It's hard to imagine a more urgent and evocative work of theatre than Notes From the Field, Anna Deavere Smith's latest masterful documentary performance, which opened off-Broadway at Second Stage October 2.
If you've bubbled up thinking about Trayvon Martin, Eric Garner, Sandra Bland, and so many others whose stories made headlines — and countless others whose names and fates we don't hear about — this play will set you ablaze.
An intrepid artist who pioneered her own form of theatre nearly 25 years ago, here Smith enacts a sprawling array of true-life personal narratives to examine America's school-to-prison pipeline. Her kaleidoscopic investigation is composed of transcripts from her interviews with real people whose lives intersect with the system at various angles. (We hear from nearly 20; she conducted more than 250 interviews over the course of creating the project.)
From the man who captured Freddie Gray's violent arrest on video and the pastor who spoke at Gray's funeral, to the principal at one of the most dangerous schools in the U.S. and activist and congressman John Lewis (D-GA), the stories Smith presents are almost overwhelming in the force of their impact and the light they shine at the root of our country's greatest dilemmas. The cycle of poverty, the failures of our school system, the persistence of racism, the tyranny of the criminal justice system — the list only circles back on itself.
Bracing though this vision of the big picture may be, Smith's approach is human in scale; many of her characters and their stories are as inspiring as they are enraging, as heartwarming as they are wrenching. Smith brings to life her subjects' quirks — from certain words they might chew before speaking, to natural moments of humor they bring to conversation — lending just enough lightness to balance the grave subject at hand. These are real people, after all, and isn't that how we all get through life?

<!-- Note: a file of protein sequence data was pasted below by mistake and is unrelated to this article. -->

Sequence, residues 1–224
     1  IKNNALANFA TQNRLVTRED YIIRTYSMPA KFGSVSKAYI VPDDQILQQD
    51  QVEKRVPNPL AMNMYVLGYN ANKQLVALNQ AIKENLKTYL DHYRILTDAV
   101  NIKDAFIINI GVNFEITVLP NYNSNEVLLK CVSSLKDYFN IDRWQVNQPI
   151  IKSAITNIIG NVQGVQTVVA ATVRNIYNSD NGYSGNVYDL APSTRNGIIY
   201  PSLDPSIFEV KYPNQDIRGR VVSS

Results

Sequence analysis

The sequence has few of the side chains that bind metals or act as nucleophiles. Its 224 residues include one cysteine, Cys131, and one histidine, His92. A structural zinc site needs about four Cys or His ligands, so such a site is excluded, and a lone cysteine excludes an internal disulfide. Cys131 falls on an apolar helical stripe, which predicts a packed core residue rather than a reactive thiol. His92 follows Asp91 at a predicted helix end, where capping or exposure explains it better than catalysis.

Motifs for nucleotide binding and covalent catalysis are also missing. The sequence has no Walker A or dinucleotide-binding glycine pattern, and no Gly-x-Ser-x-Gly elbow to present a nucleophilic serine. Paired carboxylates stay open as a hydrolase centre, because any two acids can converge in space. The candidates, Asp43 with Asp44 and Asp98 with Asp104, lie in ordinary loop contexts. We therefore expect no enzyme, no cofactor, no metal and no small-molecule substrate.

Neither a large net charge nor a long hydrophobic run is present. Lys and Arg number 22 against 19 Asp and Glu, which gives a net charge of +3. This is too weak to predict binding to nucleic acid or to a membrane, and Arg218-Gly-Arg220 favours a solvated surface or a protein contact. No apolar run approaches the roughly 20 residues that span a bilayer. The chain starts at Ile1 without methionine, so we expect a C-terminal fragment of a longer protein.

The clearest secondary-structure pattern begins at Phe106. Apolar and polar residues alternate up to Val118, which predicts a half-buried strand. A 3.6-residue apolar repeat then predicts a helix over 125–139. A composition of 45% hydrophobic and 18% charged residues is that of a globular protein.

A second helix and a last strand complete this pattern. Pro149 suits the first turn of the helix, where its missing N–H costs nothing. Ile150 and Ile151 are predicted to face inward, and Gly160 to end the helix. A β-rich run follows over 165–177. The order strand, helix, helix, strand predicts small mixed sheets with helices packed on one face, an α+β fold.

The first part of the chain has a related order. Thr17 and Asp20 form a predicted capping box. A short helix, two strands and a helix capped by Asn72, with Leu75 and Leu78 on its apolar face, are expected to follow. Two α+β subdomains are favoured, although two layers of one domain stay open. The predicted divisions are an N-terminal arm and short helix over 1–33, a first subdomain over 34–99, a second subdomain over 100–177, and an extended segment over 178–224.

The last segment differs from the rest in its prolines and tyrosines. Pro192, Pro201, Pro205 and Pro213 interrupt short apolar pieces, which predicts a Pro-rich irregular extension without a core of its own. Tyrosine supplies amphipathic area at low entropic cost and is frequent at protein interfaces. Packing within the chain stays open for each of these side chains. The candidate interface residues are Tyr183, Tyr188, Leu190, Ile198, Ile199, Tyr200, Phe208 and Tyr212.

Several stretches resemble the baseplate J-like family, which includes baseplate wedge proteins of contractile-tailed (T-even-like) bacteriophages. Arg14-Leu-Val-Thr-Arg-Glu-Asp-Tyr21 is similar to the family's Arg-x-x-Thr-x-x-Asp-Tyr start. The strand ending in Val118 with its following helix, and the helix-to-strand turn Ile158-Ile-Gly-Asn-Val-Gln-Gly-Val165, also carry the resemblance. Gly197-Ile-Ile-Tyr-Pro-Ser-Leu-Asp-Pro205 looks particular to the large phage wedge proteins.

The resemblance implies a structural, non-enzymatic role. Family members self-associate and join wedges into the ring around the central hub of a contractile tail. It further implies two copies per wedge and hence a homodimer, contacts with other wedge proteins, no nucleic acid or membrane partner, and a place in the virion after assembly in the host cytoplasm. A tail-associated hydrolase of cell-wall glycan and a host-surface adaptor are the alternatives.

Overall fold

Under the seamless direction of Leonard Foglia, the production also makes powerful use of video and projections, used to show both documentary-style evidence and to lend color and context to the events and characters Smith embodies. Composer Marcus Shelby imbues the piece with soul, playing well-deployed accompaniment on a standing bass and acting as a sounding board for Smith in occasional moments of call-and-response.
With minimal and often inspired costume changes (designed by Anne Hould-Ward), Smith shifts chameleon-like from one interview subject to the next. She doesn't indulge in caricatures or do impressions, but has an unparalleled performance style all her own. In sympathizing with her subjects, Smith becomes a kind of uncanny medium, prioritizing the message over her own function as a vehicle, almost seeming to disappear.
That message is hardly one easily distilled into words, which is why Smith uses so many voices to tell it. If only every American had the opportunity, and capacity, to listen.